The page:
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You can'T PuT ouT THe Fire
Jerry Kirshenbaum
November 12, 1973
Even with time aplenty and money to spare, retirement is often disconcerting. For some, frantic involvement—in sports or in the community—offers solace
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November 12, 1973

You Can't Put Out The Fire

Even with time aplenty and money to spare, retirement is often disconcerting. For some, frantic involvement—in sports or in the community—offers solace

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Tony Owen was shedding his street clothes in his air-conditioned bedroom, the walls of which were decorated with glossy photos of himself posing with Frank Leahy, Randolph Scott and other pals of the dim and convivial past. Soon Owen would be driving off in his Rolls-Royce to play tennis, after which he would be returning to his 14th-floor apartment for a bite of lunch that Nino, his Panamanian houseboy, would have prepared in his absence. There are worse ways to spend a Friday in Los Angeles, but Owen was bereft. "Retirement is a bloody bore," he complained, kicking off his Guccis. "I hate it."

Owen emerged from the bedroom, a sturdy, gray-haired figure dressed now in his tennis whites. His gloom was also written in droopy eyes, yet he seemed very much a product of the California good life. As if a lot of tennis and daily workouts in his building's well-stocked gym were not activity enough for a man of 66, Owen also liked to ride his 10-speed bicycle, which he passed as he strode now onto the terrace. He sucked in the morning air. The terrace overlooked the Hillcrest Country Club, where Hollywood go-getters eat lunch and negotiate movie deals richer than the cheesecake on their dessert plates. Tony Owen used to run with the Hollywood crowd both as a producer and as the husband of actress Donna Reed. Owen had made deals, too; he had tasted Hillcrest's cheesecake.

But then, four years ago, Owen slipped into retirement, joining the ranks of the 20 million Americans whom gerontologists call, poetically, "pioneers in leisure." The phrase implies that retirement can be treacherous, but it also suggests this: that if ours is fast becoming a leisure culture—and a shorter work week, longer vacations and a $100 billion-a-year recreation boom all point in that direction—then the retired are blazing trails that the entire population, including the young, soon will be following.

One might expect to find the most successful pioneers among men like Tony Owen. Retired on comfortable incomes, they are in the unusual position of having both the time and money to do largely as they please. They are spared the economic worries that in the extreme reduce some retirees to shoplifting for food. But retirement can be an ordeal in the best of circumstances. Even in a leisure culture, work retains a hold on the generation now of retirement age. These are people marked by the Depression and schooled in the work ethic, and some of them find life without toil so unpalatable as to reverse the definition that work is what one has to do, play what one wants to. As usual, Shakespeare put it best: "If all the year were playing holidays/To sport would be as tedious as to work."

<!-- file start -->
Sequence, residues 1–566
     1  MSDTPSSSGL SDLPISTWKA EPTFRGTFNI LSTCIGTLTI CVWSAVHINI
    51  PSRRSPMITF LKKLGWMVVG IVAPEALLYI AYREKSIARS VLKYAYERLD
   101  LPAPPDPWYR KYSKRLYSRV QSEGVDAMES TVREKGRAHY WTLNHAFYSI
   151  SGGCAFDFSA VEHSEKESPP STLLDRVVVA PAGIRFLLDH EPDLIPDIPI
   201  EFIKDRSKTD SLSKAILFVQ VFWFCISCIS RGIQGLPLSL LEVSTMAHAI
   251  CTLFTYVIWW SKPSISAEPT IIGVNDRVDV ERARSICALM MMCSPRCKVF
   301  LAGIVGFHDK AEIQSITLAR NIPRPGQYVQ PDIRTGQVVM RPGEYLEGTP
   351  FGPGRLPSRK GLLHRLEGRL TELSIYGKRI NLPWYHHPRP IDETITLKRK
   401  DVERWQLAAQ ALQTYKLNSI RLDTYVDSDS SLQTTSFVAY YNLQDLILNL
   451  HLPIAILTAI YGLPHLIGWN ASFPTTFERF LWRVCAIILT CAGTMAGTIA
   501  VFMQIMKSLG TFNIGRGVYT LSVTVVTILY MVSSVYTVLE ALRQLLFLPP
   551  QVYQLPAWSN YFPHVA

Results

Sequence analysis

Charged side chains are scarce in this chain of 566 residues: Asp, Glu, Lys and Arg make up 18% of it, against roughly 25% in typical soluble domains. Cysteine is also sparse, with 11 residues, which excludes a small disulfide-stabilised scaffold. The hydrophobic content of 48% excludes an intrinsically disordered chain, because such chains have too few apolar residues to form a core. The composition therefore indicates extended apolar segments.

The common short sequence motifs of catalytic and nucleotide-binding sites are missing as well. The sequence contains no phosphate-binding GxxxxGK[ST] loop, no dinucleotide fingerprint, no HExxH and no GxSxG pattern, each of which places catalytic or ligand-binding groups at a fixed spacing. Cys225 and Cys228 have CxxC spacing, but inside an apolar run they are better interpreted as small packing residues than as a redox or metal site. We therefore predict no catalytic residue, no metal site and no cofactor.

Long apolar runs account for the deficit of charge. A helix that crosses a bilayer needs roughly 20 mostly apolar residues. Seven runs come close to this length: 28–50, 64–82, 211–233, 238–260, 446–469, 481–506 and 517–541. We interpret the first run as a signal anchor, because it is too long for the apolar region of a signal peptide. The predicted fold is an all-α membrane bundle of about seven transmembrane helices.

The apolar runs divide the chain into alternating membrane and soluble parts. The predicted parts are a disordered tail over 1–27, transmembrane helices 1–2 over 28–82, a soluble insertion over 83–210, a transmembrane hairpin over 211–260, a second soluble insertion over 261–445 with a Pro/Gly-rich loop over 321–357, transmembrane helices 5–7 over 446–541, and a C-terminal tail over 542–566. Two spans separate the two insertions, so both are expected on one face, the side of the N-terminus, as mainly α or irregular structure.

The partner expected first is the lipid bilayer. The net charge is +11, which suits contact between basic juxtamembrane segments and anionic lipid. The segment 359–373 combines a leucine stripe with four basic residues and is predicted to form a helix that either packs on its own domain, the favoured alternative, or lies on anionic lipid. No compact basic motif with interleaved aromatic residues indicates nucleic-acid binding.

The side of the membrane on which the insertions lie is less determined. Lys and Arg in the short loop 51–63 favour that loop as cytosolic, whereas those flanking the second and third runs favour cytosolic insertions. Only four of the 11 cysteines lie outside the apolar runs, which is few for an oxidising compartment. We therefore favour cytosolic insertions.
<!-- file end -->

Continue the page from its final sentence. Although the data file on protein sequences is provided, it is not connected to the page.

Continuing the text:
The odd thing in Tony Owen's case was that he gave few signs of having fallen so hopelessly under work's sway. He proudly referred to himself as "a vital guy," but his most creative energies often seemed directed at sneaking away to Palm Springs to hit a tennis ball or jetting off to Chicago and New Orleans to see pro football games. He turned out a succession of forgettable grade-B films like Beyond Mombasa and Duel in the Jungle and also produced his wife's long-running TV series The Donna Reed Show. The series fizzled in 1966 and the marriage, which also had a long run—26 years and four children—underwent a similar fate soon after. In 1970 Owen suffered a mild stroke, but he recovered and can joke about its momentary effects on his tennis game. "I'd swing up here," he says, wildly waving his arms, "and the ball would be down there."

But what finally brought about Owen's retirement were the changes that came over the Hollywood he knew—the Hollywood, significantly, of happy endings. It was a classic case of human obsolescence, a circumstance that Owen discussed before leaving for his tennis date.

"A good love story or Western used to be money in the bank," Owen said, settling onto a couch, "but I don't understand the movies these days. That's why I wouldn't want to risk anybody's money on them. That's why if the head of a studio said to me, 'Tony, you can do whatever you want,' I'd have to turn him down. I don't even have lunch with old associates anymore because I can't stand hearing them talk business." He paused. "Sure, I never liked the movie business that much, but you can't just spend your life going to football games or playing tennis."

Owen launched into a recital of how he was approached several years ago by an old friend, also a producer, who wanted his opinion on a couple of scripts. Each time Owen replied the same way. "What's it about?" he said. "I don't know what to make of it." One script was for the pilot of the TV series The Monkees, the other for the movie Five Easy Pieces.

"Big, big, big hits," Tony Owen moaned, remembering.

Leaving Nino alone in the apartment, Owen drove his cocoa-brown Rolls through the shady, virtually deserted streets of Beverly Hills. A few minutes later the car disappeared behind a high wall, stopping in the driveway of a large white-brick house with freshly painted brown shutters. The house had been built by film stars Constance Bennett and Gilbert Roland but belonged now to Archie Preissman, a millionaire real-estate man who, at 76, refuses to retire. Preissman plays tennis three mornings a week, inviting friends to join him on his discreetly landscaped private court.

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